Here's a little intrigue for you from the world of big business, which is to say intercollegiate athletics.
Last week, a variety of business and community leaders announced RazorRock festivities, a week of events leading up to a River Market pep rally and concert Friday night, Sept. 10 to create excitement before the Razorbacks' War Memorial Stadium football game against Louisiana-Monroe on Sept. 11.
Something funny has happened to advance publicity on the event.
As you can see from this Democrat-Gazette news article that day, it was announced that Verizon Wireless was sponsoring the event. A Verizon executive was on hand for the announcement, along with UA Athletic Director Jeff Long. From the D-G:
Terms of the Verizon sponsorship were not immediately known. Long said he did not know the value of the deal.
Speaking during the news conference, Verizon South Central Region President Steve Smith called the partnership a "great opportunity" for the company to become more ingrained in the local community.
"Verizon Wireless is very excited to be a part of developing a tradition here in central Arkansas," he said.
But wait .... On the UA website, you will find an official news release that makes no mention of Verizon or regional president Steve Smith. The UA release says the event was held at the "AT&T auditorium" of the Little Rock Regional Chamber of Commerce. It also lists AT&T as a sponsor of the event. The website created for RazorRock, which once listed Verizon, no longer does.
I gather from a lack of return phone calls from all relevant parties that nobody wants to talk much about this (or are getting their stories straight). I do hope to be getting a response to FOI requests to UA, however, for e-mails related to the little controversy. It's simple. Some civic-minded folks wanted to whip up Hogthusiasm on the opening football week in Little Rock. They put together these events. Verizon agreed to kick in a reported $25,000 to pay for the concert and other expenses. Ed Drilling, who heads AT&T in Arkansas, went bonkers when he saw his competitor linked with the Hogs. AT&T had just forked over big bucks for naming rights at War Memorial Stadium. That entitled them to nothing related to RazorRock, but one player familiar with the saga says AT&T does have a deal with ISP, the private marketing firm that's selling Razorback advertising and branding rights, as exclusive wireless sponsor. I haven't confirmed that yet, but it would explain AT&T's unhappiness (even if local boosters had made an effort to be sure a Verizon tie-in with the Hogs was OK.) Also unresolved is whether AT&T's late-breaking sponsorship includes the $25,000 Verizon had promised. All events are to go on as planned, I'm assured.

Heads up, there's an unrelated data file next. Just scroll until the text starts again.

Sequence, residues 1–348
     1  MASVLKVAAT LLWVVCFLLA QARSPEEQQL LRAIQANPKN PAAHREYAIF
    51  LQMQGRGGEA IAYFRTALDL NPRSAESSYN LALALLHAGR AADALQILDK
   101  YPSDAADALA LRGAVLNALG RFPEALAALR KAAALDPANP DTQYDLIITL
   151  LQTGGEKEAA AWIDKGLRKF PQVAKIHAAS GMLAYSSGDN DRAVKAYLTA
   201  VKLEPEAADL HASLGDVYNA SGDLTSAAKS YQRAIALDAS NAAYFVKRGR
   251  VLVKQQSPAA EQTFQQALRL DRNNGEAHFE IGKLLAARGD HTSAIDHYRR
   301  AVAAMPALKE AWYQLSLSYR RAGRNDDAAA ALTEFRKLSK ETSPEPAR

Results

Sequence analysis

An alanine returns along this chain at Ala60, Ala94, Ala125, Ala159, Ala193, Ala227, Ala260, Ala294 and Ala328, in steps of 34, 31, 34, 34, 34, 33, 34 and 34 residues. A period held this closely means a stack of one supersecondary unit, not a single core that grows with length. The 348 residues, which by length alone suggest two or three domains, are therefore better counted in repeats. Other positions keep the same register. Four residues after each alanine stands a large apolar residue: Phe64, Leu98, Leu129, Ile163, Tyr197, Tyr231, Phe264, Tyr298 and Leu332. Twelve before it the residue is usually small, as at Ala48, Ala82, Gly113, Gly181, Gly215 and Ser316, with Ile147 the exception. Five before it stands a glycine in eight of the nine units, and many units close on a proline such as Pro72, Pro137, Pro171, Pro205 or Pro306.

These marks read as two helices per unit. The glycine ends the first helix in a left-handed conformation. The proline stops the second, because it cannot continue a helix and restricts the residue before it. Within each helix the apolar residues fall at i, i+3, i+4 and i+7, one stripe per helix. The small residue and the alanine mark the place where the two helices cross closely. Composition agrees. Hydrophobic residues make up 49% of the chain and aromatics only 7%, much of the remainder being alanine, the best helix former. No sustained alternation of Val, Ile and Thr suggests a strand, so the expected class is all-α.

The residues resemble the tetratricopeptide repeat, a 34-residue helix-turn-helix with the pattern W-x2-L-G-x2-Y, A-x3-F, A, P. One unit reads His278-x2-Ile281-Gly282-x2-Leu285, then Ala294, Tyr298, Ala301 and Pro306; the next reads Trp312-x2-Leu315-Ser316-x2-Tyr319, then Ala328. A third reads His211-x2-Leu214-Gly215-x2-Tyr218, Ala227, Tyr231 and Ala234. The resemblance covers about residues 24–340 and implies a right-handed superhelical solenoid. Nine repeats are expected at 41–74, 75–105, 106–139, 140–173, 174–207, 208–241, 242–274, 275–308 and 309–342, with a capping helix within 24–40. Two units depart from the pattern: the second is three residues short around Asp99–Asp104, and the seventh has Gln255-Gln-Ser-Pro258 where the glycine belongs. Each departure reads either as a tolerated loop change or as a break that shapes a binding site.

UPDATE: Kevin Trainor, who heads public relations for the UA Athletic Department, got back with me and confirmed the general outlines of what I've written.
Trainor confirmed that AT&T, through the Hogs' private sports promotions contractor, has a contractual relationship as the Hogs' sole telecommunications sponsor. Razorrock is not an official Razorback event. As a result, UA had not objected when the local committee producing the event had outlined the sponsors, including Verizon. The UA wants the event to be successful, of course, Trainor said.
So events moved forward. After it was announced, AT&T raised the issue of its official Hog sponsorship. The UA, though not necessarily agreeing it as a legal point, recognized the "potential for conflict," Trainor said. "With a potential conflict, it was decided that it was best that we just don’t go with a presenting sponsor in this case." Trainor said the event would go on as announced. But he said he couldn't speak to whether AT&T would be filling Verizon's role as financial sponsor or if others would make up for whatever was lost from the change of the arrangement.